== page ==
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Could some one explain whats happening here.

Tony Combe
Greenhorn

Joined: Mar 14, 2002
Posts: 17
Hi
I'm having a bit of a problem understanding whats happening in the code below. The first application runs fine but the next one comes up with a "non-static blahBlah variable can not be accessed from a static context". The wierd thing is if I create an instance of PrintNum in PrintNum main method and then access the object ShowNum like this "PrintNum.ShowNum.thing" then everything works fine.

***** FIRST PROGRAM
public class PrintNum
{
public static void main(String[] args)
{
ShowNum blahBlah = new ShowNum();
System.out.println(blahBlah.thing);
}
}

****** SECOND PROGRAM
public class PrintNum
{
ShowNum blahBlah;
public PrintNum()
{
blahBlah = new ShowNum();
}
public static void main(String[] args)
{
ShowNum blahBlah = new ShowNum();

System.out.println(blahBlah.thing);

}
}
jason adam
Chicken Farmer ()
Ranch Hand

Joined: May 08, 2001
Posts: 1932
By making blahBlah an instance variable within the second PrintNum, you make it only accessible to objects of PrintNum. Since main is a static method, it can't access instance variables without having a reference to a PrintNum object.
So when you create a PrintNum object, you are now able to use that reference to access blahBlah.
If you make ShowNum blahBlah static, then your main can access it fine.
In the first example, you have no instance variables, and hence main doesn't have a problem.
Rob Ross
Bartender

Joined: Jan 07, 2002
Posts: 2205
Well, since you don't have the declaration for ShowNum(), I'm not sure if it contains a member called "thing" or not, so I will just assume it does.
Your posted code for the second program is:

(BTW, please use code tags, as it makes your code more readable.)
The only way I can see to get the error you are producing is if in fact the code is actually:

In the second case (which is NOT the code you posted), you are now referring to a class variable named "blahBlah". Since you're making the reference in main(), which is static, you will get the error you describe. But if you re-define blahBlah as you do in your posted code as in #1 above, you are shadowing the class variable by declaring a local variable with the same name. In this case, it would compile, since the local variable is in scope of the method when you make the reference.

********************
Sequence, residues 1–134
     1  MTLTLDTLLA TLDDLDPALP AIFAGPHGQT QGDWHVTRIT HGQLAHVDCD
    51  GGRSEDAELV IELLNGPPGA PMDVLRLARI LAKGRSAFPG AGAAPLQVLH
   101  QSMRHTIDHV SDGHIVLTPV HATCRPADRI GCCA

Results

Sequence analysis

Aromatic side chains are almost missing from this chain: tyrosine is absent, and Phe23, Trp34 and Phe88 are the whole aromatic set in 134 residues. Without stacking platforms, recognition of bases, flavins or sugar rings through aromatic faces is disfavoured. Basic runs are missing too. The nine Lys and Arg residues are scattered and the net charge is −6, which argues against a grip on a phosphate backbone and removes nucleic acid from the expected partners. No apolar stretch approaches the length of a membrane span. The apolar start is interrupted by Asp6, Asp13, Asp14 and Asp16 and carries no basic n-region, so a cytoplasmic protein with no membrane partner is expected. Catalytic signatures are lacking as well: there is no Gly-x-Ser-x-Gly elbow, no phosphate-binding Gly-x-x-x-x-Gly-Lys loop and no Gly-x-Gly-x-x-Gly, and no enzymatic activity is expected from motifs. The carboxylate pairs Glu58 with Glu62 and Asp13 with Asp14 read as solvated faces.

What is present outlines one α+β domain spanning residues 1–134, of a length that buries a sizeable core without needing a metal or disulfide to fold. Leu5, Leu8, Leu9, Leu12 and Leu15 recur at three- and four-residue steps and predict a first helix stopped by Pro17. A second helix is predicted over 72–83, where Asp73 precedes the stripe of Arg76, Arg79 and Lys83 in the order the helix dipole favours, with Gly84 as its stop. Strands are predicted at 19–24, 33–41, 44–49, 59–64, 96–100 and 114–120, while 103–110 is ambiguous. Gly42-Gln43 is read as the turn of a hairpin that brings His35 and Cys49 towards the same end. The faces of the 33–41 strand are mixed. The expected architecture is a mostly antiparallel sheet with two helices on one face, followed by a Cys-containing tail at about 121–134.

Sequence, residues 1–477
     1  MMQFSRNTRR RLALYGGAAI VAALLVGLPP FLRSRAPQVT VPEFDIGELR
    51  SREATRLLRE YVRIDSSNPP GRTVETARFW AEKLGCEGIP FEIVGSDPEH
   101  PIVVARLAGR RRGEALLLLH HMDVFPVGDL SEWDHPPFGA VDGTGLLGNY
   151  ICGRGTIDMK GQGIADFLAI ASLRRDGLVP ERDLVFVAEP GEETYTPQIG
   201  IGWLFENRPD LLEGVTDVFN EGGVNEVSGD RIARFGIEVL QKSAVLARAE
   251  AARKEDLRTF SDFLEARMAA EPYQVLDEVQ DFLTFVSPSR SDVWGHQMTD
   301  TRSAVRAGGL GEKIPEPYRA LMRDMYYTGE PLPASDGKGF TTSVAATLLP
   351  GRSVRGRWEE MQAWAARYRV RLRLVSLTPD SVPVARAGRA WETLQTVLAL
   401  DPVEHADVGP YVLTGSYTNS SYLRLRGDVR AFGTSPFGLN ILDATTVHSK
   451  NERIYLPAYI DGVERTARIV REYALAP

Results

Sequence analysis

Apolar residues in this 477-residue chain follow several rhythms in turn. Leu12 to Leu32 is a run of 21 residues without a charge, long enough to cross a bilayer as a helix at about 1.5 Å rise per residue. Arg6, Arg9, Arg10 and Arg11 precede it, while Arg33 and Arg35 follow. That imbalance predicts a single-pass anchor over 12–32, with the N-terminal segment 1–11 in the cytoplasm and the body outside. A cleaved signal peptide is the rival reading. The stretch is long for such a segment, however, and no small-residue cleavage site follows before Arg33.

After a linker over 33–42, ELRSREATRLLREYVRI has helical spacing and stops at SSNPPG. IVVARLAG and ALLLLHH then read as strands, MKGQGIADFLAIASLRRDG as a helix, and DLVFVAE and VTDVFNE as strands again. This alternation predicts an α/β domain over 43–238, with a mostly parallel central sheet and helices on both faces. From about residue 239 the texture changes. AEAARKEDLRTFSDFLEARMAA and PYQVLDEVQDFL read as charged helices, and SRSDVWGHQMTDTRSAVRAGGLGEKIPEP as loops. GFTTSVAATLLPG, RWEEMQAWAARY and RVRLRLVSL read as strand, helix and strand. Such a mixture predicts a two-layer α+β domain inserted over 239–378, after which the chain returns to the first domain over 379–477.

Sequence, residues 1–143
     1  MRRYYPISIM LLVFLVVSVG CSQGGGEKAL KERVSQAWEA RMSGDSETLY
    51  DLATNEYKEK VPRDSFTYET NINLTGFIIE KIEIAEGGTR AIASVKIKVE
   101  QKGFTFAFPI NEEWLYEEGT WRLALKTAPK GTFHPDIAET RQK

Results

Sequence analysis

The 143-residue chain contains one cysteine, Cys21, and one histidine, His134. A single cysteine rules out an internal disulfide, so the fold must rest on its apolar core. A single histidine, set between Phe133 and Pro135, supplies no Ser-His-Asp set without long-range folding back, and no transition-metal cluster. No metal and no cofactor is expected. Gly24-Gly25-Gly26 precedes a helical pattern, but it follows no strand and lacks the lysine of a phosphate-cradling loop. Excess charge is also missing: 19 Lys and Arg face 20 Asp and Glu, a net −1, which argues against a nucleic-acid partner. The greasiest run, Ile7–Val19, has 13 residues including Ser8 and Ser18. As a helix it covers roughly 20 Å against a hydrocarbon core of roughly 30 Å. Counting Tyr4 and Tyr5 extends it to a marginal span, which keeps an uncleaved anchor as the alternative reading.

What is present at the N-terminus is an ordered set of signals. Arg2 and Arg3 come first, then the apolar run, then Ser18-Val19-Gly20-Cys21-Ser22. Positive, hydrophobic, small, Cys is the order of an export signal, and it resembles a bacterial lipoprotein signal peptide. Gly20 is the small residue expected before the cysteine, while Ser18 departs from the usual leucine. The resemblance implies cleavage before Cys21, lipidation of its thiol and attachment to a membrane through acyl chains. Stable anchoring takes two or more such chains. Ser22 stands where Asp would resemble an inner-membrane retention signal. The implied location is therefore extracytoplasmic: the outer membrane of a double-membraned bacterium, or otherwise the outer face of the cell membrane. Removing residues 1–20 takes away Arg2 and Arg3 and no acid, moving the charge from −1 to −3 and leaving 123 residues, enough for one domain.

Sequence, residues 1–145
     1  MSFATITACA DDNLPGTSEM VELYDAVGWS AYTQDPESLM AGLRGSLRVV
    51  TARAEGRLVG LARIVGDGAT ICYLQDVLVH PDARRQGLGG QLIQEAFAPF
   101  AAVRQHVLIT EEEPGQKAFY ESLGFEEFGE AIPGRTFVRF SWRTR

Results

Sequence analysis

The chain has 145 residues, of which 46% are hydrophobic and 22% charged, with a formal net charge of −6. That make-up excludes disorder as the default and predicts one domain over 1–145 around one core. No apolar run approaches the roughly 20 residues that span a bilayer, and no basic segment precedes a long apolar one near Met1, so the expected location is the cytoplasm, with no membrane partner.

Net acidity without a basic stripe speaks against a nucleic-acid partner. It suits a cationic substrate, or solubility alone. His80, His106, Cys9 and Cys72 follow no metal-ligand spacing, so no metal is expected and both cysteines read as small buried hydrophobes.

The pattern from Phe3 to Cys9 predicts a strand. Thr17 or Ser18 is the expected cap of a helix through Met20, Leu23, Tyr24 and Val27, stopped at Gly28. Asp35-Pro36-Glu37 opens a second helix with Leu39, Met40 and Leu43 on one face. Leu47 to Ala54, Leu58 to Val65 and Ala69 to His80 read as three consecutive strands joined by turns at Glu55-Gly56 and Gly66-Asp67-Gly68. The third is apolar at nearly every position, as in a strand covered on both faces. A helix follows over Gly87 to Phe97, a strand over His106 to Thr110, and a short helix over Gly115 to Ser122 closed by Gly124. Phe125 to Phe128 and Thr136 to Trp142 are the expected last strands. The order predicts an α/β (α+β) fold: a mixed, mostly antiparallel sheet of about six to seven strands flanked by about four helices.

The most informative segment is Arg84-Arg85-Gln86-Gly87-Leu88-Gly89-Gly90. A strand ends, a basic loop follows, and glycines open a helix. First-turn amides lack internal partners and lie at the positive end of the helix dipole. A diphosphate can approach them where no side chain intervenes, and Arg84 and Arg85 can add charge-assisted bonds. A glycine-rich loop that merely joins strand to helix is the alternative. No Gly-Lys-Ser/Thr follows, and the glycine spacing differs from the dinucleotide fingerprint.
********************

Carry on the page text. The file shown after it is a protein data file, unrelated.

Rob
SCJP 1.4
Tony Combe
Greenhorn

Joined: Mar 14, 2002
Posts: 17
Firstly thanks for your help Jason and Rob.
Secondly when rob said I have no instance variables in no1 example what would the definition of the variable blahBlah be?. I'm sorry to ask what must seem like a stupid question but from what I've heard from other sources so far the only difference in the definition (as in the code not what it really is) between a class and an instance variable is that a class variable has static in front of it. Oh and while I'm asking stupid questions I might as well one more what does code tags mean?
Thanks all
Tony
Corey McGlone
Ranch Hand

Joined: Dec 20, 2001
Posts: 3271
When you create a post, there a buttons below the "Add Reply" button that say "URL", "BOLD", "QUOTE", ..., "CODE".
Whenever you want to place code in your post. Click on that "CODE" button. Doing so will cause a couple of UBB tags to appear in your post. Put your code in between those tags so that it will be formatted in a way that everyone can read it easily.
Hope to see you around here often!
Corey


SCJP Tipline, etc.
Dave Vick
Ranch Hand

Joined: May 10, 2001
Posts: 3244
Tony
In the first code piece of code you post the variable blahBlah is a local variable in the main method. It is not an instance variable.
In the second section of code the ist blahblah variable is an instance variable, the second blahBlah you declare (in main) is again a local variable.
What Rob is saying is that the second pice of code you posted does not produce an error (providing that the ShowNum class has a member 'thing'). The only way to get the error you describe is if you try to access a non-static variable, in a static context.
In Robs #2 example he took off the ShowNum from the declaration of the blahBlah variale in your main method. By doing that the line now accesses the original declaration of blahBlah (the instance variable) and tries to have it refer to a new instance of a ShowNum object. This will cause the error you described.
The way your second piece of code is posted you wouldn't get the error because you are just creating a local variable and that is not a problem in a static method.
hope that helps
And, by the way, dont apologize for asking questions that is what most people are here to do, and we dont mind answerig them if theya re well asked and not just slapped together or cut and pasted code from some other site. And dont forget to do a search for answers too.


Dave
 
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